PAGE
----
I am now reading an inspiring Man’s Search for Meaning by Viktor Frankl, a prominent psychiatrist of the 20th century and a Holocaust survivor. The book conveys a powerful message about the human search for meaning in life.
One of the author’s ideas that stand out in my mind most vividly is the distinction between knowledge and wisdom.
Let me quote Viktor Frankl here (translated from Russian):
Our scientists need something more than knowledge: they also need to have wisdom. And I define wisdom as knowledge combined with awareness of its limits.
“Knowledge combined with awareness of its limits” – isn’t that truly powerful?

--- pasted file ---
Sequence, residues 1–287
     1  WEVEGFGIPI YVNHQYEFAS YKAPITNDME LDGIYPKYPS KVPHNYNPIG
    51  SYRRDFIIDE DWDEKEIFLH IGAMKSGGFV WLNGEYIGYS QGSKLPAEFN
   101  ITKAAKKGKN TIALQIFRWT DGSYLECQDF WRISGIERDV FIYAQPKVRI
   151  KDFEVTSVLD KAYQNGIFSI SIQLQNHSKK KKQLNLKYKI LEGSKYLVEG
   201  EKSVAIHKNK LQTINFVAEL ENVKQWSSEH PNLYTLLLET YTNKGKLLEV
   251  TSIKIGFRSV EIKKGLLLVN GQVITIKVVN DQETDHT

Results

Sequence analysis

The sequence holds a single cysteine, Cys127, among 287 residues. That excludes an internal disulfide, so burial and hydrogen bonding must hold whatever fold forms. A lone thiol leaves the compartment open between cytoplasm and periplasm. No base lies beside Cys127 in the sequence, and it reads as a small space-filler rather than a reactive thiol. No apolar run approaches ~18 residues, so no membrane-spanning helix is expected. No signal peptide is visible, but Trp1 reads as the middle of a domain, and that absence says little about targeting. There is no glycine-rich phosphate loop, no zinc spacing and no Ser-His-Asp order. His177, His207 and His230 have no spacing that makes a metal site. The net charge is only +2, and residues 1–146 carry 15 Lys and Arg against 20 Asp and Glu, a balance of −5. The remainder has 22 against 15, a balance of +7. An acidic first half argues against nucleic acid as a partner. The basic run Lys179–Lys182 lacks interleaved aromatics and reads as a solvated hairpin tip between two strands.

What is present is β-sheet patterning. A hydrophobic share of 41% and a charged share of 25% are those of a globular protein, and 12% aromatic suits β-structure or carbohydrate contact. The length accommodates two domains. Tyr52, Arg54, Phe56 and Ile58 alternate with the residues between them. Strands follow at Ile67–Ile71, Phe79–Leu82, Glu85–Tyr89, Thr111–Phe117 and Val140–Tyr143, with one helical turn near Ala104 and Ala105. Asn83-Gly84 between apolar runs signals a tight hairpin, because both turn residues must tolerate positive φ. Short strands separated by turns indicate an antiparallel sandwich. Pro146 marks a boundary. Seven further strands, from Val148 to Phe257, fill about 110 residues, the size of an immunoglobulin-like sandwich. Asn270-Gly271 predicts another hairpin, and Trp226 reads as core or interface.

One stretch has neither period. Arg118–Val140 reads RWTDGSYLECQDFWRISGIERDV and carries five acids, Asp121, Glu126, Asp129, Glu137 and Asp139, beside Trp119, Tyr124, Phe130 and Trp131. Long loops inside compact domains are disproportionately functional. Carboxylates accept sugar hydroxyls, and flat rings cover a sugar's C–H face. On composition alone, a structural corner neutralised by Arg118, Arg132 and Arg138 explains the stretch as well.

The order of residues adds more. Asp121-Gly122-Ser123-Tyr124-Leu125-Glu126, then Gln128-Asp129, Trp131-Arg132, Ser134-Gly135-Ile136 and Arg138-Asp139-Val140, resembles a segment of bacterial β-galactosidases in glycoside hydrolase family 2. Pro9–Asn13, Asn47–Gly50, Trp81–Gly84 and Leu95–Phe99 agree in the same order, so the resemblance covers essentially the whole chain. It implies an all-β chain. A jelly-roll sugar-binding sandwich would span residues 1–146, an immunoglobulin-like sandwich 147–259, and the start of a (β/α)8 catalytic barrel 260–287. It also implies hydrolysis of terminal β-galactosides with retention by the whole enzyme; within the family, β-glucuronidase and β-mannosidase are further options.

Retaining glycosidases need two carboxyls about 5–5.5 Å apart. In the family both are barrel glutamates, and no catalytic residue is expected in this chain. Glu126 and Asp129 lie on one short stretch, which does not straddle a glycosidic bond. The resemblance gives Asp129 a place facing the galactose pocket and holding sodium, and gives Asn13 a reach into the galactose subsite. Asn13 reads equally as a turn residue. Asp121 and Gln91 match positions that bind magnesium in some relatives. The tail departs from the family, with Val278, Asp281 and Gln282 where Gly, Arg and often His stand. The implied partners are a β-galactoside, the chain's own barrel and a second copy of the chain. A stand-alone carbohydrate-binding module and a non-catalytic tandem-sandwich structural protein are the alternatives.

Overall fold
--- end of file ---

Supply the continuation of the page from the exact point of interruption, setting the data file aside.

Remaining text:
A true scientist, scholar, or anyone who claims to have critical thinking must be always ready to change his point of view under the pressure of facts and evidence.
Most people are not ready to do that, as for them it is much more pleasant to know than to seek. Even people with strong intellect may get rigid in theirs views and answers.
Yet every knowledge is limited and reality always comes up with facts “not matching the theory”. In order to notice them, one just needn’t turn away.
To always feel the limits of your knowledge, your discourse, be always ready to review your theories due to new circumstances, be open to the unknown – this is what wisdom is.
I couldn’t agree more on this with Viktor Frankl.
To conclude with the author’s words, check out his famous short video below on the search for meaning. Perhaps this will serve as a motivation to check out his great book.